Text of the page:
So there you have it. Three publications I think everyone should consider. That is informed consent, the database which records adverse events, finding that there are a lot of adverse events, and whether or not it is good policy and good government health care to mandate a one-size-fits-all narrative. In any case, I think that we should be expanding what we consider, and I think publications like this University of Michigan paper are really important. And so we're going to spend the rest of this talk focusing on that.

Now, what is this publication so that you can go and retrieve it for yourself? It appeared in the Proceedings of the National Academy of Sciences, and it is focusing on how drugs can be repurposed. And the point here was to find clinical candidates with strong antiviral activity, which could potentially be repurposed against SARS-CoV-2 to minimize the impact of COVID illness. And what did this publication set out to do?

Well, they review the context of this problem and state that therapeutic interventions to develop novel vaccines and novel drug discovery usually has a 90% failure rate and may take 10 to 15 years. Therefore, even though mRNA vaccines for SARS-CoV-2 have been rapidly developed, it might be important for everyone to consider the concept of drug repurposing. And this is what this University of Michigan research did. What they looked at was screening 1,425 FDA-approved compounds. That means that these are readily available compounds, and they discovered that 17 of them were showing to inhibit the SARS-CoV-2 infection. And the dominant one, which is most interesting because it is the safest, is actually a nutraceutical called lactoferrin, which is found in human milk and also bovine milk, which is obtained from cow. And a little bit later in this talk, we'll be focusing on where else lactoferrin can be found as well.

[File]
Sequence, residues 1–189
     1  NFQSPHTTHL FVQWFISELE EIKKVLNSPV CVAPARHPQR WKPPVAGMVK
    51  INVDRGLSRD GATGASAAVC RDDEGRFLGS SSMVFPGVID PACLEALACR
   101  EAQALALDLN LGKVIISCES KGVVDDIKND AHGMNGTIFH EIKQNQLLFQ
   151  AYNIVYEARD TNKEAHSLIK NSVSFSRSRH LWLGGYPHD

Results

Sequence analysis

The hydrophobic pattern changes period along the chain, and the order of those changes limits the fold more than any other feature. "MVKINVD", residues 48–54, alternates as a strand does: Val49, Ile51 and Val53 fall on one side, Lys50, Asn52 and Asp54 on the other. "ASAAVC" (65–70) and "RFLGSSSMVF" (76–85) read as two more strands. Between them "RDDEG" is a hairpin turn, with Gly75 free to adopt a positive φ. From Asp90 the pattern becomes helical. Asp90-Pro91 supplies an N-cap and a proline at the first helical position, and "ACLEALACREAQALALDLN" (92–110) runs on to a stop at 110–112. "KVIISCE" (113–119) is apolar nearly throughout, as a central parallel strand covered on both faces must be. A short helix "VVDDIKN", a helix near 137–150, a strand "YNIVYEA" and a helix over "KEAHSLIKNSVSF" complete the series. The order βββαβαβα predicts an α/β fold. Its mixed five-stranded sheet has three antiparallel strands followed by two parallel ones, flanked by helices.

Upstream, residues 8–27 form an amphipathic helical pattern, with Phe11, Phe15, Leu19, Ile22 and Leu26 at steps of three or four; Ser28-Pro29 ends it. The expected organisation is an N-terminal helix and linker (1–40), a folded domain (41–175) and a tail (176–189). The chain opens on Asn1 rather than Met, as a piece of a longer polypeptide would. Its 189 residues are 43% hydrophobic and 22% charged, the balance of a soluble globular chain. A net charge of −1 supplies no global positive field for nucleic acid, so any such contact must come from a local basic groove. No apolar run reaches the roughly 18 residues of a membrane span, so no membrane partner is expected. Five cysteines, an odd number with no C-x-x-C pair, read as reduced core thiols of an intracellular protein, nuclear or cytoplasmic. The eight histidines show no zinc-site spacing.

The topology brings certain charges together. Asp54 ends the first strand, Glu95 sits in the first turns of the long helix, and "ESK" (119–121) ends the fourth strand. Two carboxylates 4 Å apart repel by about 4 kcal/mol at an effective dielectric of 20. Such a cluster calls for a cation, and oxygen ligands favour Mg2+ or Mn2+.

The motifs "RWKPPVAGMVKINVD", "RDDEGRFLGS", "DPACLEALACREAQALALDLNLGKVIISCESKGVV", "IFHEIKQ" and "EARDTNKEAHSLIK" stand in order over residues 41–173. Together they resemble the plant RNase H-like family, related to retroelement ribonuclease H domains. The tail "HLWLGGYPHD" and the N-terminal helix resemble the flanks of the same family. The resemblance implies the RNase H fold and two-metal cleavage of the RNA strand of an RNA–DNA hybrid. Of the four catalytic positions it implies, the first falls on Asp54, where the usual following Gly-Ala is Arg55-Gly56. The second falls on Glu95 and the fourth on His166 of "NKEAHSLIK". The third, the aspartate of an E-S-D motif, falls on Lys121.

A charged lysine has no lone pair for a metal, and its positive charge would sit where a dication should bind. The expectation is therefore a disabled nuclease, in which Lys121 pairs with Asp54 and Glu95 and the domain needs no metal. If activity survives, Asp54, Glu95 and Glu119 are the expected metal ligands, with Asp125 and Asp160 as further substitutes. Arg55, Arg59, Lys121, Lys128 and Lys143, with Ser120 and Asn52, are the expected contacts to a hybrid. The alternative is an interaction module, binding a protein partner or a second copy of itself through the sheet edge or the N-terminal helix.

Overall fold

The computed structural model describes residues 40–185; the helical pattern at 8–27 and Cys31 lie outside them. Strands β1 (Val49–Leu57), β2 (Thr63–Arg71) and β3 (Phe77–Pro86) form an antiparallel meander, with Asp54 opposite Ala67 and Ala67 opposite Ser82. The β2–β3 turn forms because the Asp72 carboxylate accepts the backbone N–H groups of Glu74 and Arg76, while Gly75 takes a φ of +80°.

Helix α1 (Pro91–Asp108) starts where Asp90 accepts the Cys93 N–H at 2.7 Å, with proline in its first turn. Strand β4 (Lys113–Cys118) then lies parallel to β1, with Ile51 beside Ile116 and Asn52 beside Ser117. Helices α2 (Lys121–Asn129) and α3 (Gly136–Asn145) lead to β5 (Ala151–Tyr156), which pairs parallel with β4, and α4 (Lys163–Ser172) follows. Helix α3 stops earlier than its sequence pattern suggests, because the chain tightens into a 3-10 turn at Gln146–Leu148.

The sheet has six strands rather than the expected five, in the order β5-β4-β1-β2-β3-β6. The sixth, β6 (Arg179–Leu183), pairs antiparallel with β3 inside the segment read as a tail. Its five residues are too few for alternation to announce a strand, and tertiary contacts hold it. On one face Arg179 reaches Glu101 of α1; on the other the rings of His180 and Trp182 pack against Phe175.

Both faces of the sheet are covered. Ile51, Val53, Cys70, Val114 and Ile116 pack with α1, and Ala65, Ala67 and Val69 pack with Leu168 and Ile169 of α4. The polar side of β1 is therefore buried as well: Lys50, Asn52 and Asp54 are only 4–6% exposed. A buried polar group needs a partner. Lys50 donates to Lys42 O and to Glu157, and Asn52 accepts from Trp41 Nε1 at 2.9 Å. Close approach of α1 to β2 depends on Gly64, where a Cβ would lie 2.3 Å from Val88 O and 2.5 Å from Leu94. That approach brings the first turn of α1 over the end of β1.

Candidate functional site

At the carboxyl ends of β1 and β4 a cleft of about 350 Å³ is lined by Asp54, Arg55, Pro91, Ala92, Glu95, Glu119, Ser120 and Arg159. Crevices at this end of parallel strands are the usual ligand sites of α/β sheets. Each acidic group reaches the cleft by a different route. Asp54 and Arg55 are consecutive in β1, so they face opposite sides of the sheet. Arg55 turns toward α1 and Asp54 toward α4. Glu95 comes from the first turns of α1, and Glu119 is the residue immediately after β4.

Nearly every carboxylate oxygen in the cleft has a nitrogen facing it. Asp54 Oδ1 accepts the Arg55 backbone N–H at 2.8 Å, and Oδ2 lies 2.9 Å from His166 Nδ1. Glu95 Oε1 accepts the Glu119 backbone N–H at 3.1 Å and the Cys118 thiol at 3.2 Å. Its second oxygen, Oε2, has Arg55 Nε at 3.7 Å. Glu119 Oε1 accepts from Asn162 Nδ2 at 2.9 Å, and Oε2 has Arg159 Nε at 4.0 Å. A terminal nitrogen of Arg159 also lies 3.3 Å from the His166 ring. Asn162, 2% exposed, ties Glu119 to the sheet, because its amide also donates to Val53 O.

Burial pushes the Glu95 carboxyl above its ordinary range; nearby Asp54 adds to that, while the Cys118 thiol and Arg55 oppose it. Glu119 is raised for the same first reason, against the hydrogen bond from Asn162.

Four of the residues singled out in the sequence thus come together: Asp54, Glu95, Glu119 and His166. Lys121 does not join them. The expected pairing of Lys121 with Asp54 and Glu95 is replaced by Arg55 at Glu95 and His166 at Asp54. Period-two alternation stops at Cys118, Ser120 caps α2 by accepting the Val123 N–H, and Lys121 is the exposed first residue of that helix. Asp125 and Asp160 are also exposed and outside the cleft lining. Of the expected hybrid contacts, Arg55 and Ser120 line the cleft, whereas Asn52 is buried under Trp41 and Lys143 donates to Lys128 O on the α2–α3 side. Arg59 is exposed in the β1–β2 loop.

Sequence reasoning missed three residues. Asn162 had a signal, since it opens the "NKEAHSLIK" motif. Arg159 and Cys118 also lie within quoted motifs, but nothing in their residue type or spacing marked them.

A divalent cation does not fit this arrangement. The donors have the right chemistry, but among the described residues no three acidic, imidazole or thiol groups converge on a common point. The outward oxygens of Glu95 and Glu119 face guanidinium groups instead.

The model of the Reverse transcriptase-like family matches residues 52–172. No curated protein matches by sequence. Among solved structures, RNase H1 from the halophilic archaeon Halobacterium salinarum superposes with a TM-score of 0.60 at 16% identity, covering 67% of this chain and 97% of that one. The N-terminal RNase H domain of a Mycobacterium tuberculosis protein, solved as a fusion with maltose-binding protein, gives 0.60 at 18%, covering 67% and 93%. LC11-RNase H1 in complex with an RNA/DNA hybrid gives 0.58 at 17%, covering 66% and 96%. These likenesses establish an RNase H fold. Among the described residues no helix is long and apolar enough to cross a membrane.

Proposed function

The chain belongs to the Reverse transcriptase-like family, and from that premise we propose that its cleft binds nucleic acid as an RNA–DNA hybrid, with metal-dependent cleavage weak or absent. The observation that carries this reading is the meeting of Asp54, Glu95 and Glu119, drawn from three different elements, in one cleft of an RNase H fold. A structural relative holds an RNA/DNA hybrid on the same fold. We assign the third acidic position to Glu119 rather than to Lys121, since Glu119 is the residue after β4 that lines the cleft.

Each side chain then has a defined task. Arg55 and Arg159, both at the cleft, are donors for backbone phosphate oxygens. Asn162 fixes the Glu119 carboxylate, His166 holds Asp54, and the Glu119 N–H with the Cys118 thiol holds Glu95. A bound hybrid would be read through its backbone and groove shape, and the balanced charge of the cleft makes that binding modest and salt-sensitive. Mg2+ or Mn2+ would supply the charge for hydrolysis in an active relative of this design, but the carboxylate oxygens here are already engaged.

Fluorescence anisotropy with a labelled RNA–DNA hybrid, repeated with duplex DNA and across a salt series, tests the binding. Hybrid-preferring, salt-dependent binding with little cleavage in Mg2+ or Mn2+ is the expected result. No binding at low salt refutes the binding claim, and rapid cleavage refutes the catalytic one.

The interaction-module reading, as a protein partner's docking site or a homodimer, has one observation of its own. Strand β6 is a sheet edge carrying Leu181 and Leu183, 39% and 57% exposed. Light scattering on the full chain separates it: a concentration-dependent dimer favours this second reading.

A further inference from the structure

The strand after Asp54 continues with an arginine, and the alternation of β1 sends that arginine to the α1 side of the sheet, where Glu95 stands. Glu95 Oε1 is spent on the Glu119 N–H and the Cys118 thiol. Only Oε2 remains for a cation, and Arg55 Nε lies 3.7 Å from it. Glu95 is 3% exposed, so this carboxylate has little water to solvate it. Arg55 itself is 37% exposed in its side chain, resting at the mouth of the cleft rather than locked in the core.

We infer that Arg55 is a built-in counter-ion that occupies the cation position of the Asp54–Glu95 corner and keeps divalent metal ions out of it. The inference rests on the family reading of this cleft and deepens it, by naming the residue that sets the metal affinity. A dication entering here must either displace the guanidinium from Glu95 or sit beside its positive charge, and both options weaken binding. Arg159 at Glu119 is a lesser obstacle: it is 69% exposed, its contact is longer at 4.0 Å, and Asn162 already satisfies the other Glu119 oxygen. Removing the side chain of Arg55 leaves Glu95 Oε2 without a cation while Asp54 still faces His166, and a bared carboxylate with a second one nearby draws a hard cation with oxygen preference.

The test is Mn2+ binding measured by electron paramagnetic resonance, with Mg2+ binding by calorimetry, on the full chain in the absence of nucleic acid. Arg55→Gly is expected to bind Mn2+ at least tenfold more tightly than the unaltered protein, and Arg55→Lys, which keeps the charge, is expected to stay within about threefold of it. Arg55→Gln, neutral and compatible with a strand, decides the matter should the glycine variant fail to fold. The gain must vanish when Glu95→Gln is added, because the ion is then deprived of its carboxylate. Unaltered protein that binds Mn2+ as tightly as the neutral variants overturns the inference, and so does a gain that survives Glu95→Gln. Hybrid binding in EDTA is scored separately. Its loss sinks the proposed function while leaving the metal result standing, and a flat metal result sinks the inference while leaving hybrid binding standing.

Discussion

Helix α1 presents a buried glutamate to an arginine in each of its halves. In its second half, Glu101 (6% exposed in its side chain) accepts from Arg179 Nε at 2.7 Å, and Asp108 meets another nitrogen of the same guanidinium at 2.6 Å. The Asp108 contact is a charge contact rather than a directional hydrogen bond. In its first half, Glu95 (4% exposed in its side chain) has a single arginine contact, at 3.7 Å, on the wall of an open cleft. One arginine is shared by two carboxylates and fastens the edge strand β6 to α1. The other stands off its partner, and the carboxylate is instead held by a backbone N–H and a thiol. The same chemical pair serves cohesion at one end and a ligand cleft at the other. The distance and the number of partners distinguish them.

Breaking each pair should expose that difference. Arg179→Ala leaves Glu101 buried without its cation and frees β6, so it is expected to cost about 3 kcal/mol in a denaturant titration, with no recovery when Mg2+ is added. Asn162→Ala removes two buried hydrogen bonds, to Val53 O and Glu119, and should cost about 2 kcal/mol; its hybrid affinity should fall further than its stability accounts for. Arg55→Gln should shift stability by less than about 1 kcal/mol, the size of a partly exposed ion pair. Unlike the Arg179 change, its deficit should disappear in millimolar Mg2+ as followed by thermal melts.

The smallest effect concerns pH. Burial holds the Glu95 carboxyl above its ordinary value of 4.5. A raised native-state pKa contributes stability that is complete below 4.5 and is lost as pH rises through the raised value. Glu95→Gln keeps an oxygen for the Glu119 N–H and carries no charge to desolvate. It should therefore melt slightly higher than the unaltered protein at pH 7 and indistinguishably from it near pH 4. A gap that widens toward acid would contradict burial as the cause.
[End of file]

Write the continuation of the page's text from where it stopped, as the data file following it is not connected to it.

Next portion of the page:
The conclusion of the research was that lactoferrin is a safe therapeutic option shown to have both entry and post-entry inhibition of the coronavirus. What do we mean by that? Well, that means that it's efficacious for those before they become ill, as well as those who have already become ill. So it is a really great publication.